The Mental Health Act (MHA) legislation dates back to 1990 and allows individuals with mental health issues, who are at risk of causing harm to themselves or others, to be apprehended by police and detained. Most detentions last a few days and 80 percent are less than one month. However, there are rare cases (about two percent) where detentions last more than six months and individuals can be detained indefinitely as result of repeated renewals of the detention period. One stark example comes from the story of a 56-year-old deaf man, known publically as “P.S.” as his full name is under a publication ban. P.S. was originally sentenced for 45 months in 1992 after being diagnosed with pedophilia and charged with sexual assault. He received no therapy or counseling during his sentence and was given limited access to interpretation services.
After P.S’s sentence was completed, he was detained at the Waypoint Centre for Mental Health Care, a maximum-security hospital, against the recommendations of several psychiatrists and mental health experts who advised that he be placed in a less secure facility or even released into the community. Instead, P.S. was held at the facility for 19 years, as decided by the Consent and Capacity Board, where he did not receive an interpreter until 2007.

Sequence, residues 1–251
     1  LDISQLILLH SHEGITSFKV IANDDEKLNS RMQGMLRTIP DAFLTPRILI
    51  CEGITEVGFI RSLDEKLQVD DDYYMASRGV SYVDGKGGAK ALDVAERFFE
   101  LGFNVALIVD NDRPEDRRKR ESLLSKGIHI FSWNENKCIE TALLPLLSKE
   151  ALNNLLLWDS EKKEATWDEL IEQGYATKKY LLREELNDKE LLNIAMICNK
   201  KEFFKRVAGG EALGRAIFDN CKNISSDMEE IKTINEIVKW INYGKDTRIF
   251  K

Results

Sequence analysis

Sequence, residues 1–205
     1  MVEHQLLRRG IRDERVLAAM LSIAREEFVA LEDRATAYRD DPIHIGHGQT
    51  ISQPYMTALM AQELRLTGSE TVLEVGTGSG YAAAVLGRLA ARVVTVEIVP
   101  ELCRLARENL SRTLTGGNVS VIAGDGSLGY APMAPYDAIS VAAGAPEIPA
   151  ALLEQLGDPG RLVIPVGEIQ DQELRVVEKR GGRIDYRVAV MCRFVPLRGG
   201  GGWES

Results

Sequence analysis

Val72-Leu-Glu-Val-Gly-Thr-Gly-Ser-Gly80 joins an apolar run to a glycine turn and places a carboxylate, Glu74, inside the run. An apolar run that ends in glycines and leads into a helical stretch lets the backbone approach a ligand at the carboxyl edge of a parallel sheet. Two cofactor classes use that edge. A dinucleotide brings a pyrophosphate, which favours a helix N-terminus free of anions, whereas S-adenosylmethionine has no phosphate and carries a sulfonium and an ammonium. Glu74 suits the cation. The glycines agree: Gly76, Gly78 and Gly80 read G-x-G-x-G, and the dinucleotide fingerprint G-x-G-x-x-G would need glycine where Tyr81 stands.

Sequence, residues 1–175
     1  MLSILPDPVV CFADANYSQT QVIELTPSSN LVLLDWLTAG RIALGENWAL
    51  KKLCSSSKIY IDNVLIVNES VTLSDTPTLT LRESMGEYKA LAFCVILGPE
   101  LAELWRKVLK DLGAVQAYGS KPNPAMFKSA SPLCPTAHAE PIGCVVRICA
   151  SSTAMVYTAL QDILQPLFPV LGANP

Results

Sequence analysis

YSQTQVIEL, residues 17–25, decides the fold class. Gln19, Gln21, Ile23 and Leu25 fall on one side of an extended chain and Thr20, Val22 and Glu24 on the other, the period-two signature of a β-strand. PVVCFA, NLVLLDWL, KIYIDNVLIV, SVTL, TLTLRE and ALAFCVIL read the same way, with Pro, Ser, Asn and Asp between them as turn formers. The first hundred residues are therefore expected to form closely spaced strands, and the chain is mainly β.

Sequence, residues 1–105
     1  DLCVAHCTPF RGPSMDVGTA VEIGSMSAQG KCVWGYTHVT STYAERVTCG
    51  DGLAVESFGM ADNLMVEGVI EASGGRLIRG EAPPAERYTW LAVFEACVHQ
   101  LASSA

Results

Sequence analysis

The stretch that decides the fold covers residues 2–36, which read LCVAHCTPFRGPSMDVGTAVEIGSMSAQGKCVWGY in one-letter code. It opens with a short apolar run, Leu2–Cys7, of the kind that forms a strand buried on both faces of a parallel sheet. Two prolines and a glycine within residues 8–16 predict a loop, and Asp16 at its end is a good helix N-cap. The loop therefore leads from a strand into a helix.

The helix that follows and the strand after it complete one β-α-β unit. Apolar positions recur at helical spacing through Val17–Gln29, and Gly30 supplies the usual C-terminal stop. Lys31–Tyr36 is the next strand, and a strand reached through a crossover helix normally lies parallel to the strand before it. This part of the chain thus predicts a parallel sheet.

The Ontario Court of Appeal stated that this indefinite detention and lack of accommodation amounted to “prolonged and serious breaches” to the individual`s Charter rights. The December 2014 ruling changes the wording in the Mental Health Act to prevent other inmates from indefinite detention by placing a six-month limit to MHAdetentions.
P.S. remains at Waypoint Centre until a decision is made about whether the court ruling will be appealed. The Ontario Court of Appeal placed a 12-month suspension on the change to allow the provincial government an opportunity to amend the legislation.
To read the full court ruling visit the Ontario Courts website.